As the National Broadband Plan seems to have stalled, people’s frustration over lack of connectivity in rural Ireland is reaching boiling point.
You could argue that anywhere that cannot receive broadband is Ireland’s worst broadband black spot, but one town is statistically the worst served.
It is the resting place of one of Ireland’s most beloved cabaret singers, Joe Dolan. It has a chip shop called Mr Chips, a couple of pubs and a petrol station. And, most importantly, it is home to 277 souls, of which 148 are female and 129 are male.
‘We cry out to be treated equally and equitably’
– WILLIE PENROSE, TD
Most notably, Ballynacargy has reached notoriety as Ireland’s broadband black spot, from an urban perspective.
According to the latest Central Statistics Office (CSO) Small Area Population statistics, 50pc of dwellings in the Westmeath village of Ballynacargy have no broadband, the highest level of any town in Ireland.
The revelation comes as the National Broadband Plan remains stalled; it was due to be announced in June, with a late 2017 roll-out. However, it now could be later in the year before any progress is made.
Being named Ireland’s poorest connected town was not appreciated by local Labour TD Willie Penrose, who spoke about the matter on Newstalk FM.
He said he had three daughters engaged in various professions who are “tearing their hair out” over the poor quality of broadband in the area.
“Action never matches rhetoric,” he said angrily. “It is no surprise that we are one of the poorest areas without connectivity.”
He said that despite various commitments by operators over the years, Ballynacargy is constantly overlooked.
“60 years ago, a semi-state company was set up to achieve rural electrification – that was achieved.
“If Telecom Éireann [Eir] was not privatised, maybe we wouldn’t be treated like third-class citizens. We cry out to be treated equally and equitably.”
Penrose said that there is an anomaly in Ireland where big towns have three or four operators competing aggressively in large urban areas for business, but smaller towns and rural areas are ignored.
“We are people who make a valuable contribution to the economy and we would do more if we were given the proper infrastructure to do so,” Penrose said.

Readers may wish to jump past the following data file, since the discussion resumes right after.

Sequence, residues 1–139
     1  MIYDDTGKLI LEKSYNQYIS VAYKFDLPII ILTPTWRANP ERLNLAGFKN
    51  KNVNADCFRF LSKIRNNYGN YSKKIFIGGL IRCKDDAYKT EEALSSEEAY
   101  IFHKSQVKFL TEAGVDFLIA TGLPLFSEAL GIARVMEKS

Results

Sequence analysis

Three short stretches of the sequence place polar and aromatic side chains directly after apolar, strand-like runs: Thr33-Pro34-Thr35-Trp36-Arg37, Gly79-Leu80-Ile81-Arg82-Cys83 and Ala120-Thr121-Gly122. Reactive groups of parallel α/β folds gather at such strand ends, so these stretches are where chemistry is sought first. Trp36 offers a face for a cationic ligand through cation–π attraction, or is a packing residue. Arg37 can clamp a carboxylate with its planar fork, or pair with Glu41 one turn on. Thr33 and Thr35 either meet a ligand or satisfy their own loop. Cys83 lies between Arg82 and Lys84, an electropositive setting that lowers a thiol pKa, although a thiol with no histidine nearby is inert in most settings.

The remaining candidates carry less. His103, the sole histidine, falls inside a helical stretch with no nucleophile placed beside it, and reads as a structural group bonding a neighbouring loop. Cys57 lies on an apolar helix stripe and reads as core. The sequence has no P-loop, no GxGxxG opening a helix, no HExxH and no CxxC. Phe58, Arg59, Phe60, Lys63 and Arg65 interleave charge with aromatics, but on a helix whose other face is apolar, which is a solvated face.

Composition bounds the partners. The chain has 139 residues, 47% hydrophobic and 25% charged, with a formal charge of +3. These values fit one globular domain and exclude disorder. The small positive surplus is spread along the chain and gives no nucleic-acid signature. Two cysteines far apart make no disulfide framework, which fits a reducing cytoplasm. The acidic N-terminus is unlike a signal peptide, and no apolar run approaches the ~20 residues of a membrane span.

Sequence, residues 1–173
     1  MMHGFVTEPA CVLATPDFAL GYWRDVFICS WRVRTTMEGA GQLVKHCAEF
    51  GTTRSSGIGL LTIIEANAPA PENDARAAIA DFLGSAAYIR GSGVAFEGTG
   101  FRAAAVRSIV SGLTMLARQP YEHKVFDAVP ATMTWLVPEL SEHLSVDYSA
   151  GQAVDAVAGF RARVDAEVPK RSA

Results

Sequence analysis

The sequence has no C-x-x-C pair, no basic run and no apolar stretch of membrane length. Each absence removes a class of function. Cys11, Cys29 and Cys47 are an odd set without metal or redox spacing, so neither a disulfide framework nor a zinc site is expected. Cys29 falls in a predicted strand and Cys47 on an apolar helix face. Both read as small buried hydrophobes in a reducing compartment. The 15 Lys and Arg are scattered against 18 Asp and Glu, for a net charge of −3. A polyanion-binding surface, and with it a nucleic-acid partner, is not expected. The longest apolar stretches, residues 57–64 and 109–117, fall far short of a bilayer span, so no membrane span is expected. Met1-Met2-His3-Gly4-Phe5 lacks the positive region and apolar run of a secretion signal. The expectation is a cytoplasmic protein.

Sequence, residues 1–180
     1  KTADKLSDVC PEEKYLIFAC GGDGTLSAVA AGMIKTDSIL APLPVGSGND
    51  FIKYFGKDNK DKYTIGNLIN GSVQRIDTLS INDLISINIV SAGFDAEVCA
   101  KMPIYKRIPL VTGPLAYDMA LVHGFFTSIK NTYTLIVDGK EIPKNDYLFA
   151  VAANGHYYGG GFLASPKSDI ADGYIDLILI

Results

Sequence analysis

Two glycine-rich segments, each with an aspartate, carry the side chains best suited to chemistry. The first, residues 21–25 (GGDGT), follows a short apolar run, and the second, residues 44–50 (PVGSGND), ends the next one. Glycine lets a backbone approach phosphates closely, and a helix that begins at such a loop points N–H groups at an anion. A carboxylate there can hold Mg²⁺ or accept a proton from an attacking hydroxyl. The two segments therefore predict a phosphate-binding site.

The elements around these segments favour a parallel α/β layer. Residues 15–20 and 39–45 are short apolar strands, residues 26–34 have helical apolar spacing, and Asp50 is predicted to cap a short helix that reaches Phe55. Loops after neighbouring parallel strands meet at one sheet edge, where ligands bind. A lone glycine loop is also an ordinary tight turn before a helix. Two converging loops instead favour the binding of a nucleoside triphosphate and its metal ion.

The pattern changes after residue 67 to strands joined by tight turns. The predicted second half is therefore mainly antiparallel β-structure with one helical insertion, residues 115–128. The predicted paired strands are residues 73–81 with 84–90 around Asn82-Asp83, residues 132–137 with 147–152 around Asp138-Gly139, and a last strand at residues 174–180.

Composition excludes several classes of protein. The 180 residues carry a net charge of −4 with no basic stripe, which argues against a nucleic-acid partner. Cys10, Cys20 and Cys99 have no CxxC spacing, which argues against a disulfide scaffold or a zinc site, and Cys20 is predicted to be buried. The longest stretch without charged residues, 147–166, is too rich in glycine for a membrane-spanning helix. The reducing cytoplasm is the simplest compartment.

Broadband officers in every local authority
The CSO results coincided with the latest progress report of the Mobile Phone and Broadband Taskforce, which claimed that its implementation group is making “tangible progress” in identifying solutions to issues impacting mobile phone and broadband access in rural Ireland.
Minister for Rural and Community Development Michael Ring, TD, said that engagement between the telecoms operators and broadband officers in local authorities is removing barriers.
What these barriers are is not specifically clear, but people in villages such as Ballynacargy want solutions now.
Communications Minister Denis Naughten, TD, said: “The frustration felt by people, particularly in rural Ireland, over poor mobile phone coverage and black spots is something I am very conscious of.
“It is being tackled by the taskforce and today’s report outlines the work that is being done to date across the country. Telecoms operators are now providing details of their network coverage to local authorities to identify black spots and develop plans to fix them.
“There is now a broadband officer as a single point of contact for the public and telecoms operators in each local authority, which is key to overcoming obstacles quickly. This critical work will result in better services across the board, particularly for people living in rural Ireland.”
Let’s hope the people of Ballynacargy and many other rural villages and districts won’t have to wait too long on the wrong side of the digital divide.